Not for the first time this year, an interview with Johnny Depp has stoked controversy.
In British GQ's November issue, the actor expressed frustration over being seen as a violent man in light of prior abuse claims made by his ex-wife, Amber Heard. "The thing that hurt me is being presented as something that you're really as far away from as you could possibly get, you know?" he said, adding that he doesn't consider himself a "bully" and he knew the allegation "was going to stick on me and it would get weirder" as time went on. "I ain't going to get into a pissing contest with someone about it. Spit out what you need to spit out and, you know, my attorneys will take care of the rest," he continued. "I never went out and spoke about the s--t."
Depp also compared himself to The Hunchback of Notre Dame's Quasimodo, saying, "I could feel people look at me differently, because of the accusations towards you. And then people start putting things in magazines: 'He's insane. He needs to take a sanity test…' You know, ludicrous stuff." Defiantly, the actor added, "Ultimately, the truth will come out in all of this..."
Enraged, Heard's team issued a statement Wednesday, sharing the star's version of the truth. "It is outrageous that GQ never spoke to any of the multiple witnesses to Mr. Depp's physical abuse of Ms. Heard prior to publishing its article," a spokesperson told Page Six. "If GQ had done even a basic investigation into Mr. Depp's claims, it would have quickly realized that his statements are entirely untrue. Mr. Depp has blatantly disregarded the parties' confidentiality agreement and yet has refused to allow Ms. Heard to respond to his baseless allegations, despite repeated requests that she be allowed to do so. Mr. Depp is shamefully continuing his psychological abuse of Ms. Heard, who has attempted to put a very painful part of her life firmly in her past. One need only look at the physical evidence to draw the proper conclusion."
Depp himself has not said anything further about the matter. On Thursday, his attorney told E! News he was "simply defending himself against Ms. Heard's lingering false abuse accusations."
"Johnny Depp is a victim of violent abuse. In U.K. court proceedings next month, we will be submitting clear evidence of the violence committed serially against him by Ms. Heard and the serious injuries that he suffered," Depp's lawyer, Adam Waldman, continued. "We will also submit overwhelming evidence that Ms. Heard faked the abuse allegations against Mr. Depp."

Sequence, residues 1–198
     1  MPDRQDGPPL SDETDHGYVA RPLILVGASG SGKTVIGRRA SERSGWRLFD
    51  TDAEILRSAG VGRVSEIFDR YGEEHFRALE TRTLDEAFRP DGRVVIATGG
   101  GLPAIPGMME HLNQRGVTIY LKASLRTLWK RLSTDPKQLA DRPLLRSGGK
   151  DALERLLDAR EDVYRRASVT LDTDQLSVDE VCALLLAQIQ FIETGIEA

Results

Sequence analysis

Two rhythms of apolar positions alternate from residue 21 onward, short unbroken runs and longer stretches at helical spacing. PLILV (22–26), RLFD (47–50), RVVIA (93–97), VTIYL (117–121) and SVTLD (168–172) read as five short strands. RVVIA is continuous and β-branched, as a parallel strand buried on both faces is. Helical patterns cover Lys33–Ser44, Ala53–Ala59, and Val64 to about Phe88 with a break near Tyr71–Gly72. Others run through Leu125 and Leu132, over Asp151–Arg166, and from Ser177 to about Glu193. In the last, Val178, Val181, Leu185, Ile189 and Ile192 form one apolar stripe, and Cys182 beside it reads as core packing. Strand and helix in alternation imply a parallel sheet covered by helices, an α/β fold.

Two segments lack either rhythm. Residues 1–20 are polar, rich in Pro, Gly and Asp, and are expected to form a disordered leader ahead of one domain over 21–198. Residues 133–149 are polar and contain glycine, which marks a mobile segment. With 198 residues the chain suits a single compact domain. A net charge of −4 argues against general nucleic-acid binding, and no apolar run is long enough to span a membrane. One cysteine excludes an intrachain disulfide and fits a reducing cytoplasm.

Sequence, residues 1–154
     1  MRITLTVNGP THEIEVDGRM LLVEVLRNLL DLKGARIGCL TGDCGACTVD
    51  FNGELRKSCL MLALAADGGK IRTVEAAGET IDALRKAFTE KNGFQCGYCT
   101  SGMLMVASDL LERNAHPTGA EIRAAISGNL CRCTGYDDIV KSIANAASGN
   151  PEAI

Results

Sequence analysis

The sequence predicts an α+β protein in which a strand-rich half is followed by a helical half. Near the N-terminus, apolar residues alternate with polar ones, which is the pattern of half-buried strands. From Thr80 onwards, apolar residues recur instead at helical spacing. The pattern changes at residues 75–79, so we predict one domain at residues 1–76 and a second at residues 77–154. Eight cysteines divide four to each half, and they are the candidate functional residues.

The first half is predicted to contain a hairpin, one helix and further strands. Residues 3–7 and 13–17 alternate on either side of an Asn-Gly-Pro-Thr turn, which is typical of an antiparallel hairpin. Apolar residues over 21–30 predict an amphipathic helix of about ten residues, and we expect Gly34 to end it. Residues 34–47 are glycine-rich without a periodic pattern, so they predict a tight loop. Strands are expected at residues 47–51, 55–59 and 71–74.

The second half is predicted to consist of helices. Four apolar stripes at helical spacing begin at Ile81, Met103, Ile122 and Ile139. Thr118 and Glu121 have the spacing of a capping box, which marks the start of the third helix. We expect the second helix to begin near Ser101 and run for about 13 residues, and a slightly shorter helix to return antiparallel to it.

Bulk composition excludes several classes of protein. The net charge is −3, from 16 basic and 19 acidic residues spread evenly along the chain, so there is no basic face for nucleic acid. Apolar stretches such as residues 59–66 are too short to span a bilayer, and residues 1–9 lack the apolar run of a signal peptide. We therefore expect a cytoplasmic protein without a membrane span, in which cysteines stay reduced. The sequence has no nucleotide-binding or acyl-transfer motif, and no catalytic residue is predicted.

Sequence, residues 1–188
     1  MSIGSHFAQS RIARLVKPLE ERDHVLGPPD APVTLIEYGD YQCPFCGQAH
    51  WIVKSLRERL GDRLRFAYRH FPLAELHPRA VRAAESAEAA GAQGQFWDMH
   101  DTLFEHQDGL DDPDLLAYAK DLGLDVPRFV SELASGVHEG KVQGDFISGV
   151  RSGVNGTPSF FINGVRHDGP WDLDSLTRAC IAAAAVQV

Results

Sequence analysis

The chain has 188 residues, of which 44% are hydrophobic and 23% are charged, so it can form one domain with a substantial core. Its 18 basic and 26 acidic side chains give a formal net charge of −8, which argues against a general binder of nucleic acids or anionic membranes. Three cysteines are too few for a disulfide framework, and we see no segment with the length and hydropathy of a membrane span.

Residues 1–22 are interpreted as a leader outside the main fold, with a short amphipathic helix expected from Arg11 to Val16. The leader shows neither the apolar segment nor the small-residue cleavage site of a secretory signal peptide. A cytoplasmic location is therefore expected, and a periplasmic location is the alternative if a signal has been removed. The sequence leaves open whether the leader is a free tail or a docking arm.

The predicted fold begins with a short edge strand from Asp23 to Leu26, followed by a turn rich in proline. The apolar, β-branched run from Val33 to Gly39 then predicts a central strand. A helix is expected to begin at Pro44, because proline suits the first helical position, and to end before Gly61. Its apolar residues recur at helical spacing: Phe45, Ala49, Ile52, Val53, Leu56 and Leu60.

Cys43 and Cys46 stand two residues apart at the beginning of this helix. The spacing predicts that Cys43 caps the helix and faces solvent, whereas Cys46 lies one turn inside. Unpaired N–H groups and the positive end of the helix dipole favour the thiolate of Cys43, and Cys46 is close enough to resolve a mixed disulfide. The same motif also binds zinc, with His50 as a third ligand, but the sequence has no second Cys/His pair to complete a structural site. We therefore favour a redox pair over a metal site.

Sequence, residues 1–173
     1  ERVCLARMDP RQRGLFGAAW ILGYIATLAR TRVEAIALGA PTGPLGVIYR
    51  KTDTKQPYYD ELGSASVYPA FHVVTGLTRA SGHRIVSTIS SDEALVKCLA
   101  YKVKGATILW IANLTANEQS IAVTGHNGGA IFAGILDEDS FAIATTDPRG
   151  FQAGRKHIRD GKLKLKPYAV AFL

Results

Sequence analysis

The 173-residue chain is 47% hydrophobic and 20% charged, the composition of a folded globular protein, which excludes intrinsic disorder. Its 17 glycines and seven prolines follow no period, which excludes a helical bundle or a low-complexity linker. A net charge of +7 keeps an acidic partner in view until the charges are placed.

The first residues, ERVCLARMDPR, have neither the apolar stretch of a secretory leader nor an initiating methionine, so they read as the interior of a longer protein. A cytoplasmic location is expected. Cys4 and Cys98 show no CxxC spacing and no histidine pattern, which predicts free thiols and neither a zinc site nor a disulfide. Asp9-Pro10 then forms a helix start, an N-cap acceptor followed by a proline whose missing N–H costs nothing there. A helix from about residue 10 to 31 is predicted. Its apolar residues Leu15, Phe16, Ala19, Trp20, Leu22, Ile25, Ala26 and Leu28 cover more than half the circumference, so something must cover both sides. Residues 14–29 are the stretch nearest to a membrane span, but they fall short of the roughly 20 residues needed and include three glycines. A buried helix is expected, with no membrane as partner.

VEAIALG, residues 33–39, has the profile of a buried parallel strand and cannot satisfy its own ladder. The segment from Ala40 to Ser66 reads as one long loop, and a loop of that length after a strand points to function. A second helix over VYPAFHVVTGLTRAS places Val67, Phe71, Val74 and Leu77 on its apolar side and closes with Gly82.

Heard "has admitted to multiple violent attacks" against Depp, Waldman alleged, resulting in "serious injury." He added that eyewitness, photographic and previous sworn testimony will soon be presented to the court. "Regarding the confidentiality agreement of which Ms. Heard's counsel complains, Ms. Heard started violating it before the ink dried, first with a statement, and soon after with a domestic violence PSA asking, 'How is this happening to me?' purporting to give advice to real victims," Waldman told E! News. "More breaches followed. The only 'shameful psychological abuse' stems from Ms. Heard's continuing cynical manipulation of the important #MeToo movement and its real victims, that she has used to pursue her own ends."
In the British GQ interview, Depp also described how the abuse claims affected his family. "I'm sure it wasn't easy for my 14-year-old boy to go to school, you know what I mean? With people going, 'Hey, look at this magazine, man. What, your dad beats up chicks or something?'" he recalled. "Why did he have to go through that? Why did my daughter have to go through that?"
Depp and Heard got married in 2015 and broke up 15 months later, but their divorce wasn't finalized until 2017. At the time, they issued a joint statement indicating their "relationship was intensely passionate and at times volatile, but always bound by love," adding that neither party "made false accusations for financial gain," and agreed there was "never any intent of physical or emotional harm." As part of their settlement, Depp gave Heard $7 million, which she later donated to the American Civil Liberties Union and the Children's Hospital Los Angeles. "The last three or four years has felt like a perverse situation that was inﬂicted on me," Depp, who stars in the movie Fantastic Beasts: The Crimes of Grindelwald, reflected in British GQ. "It hurts."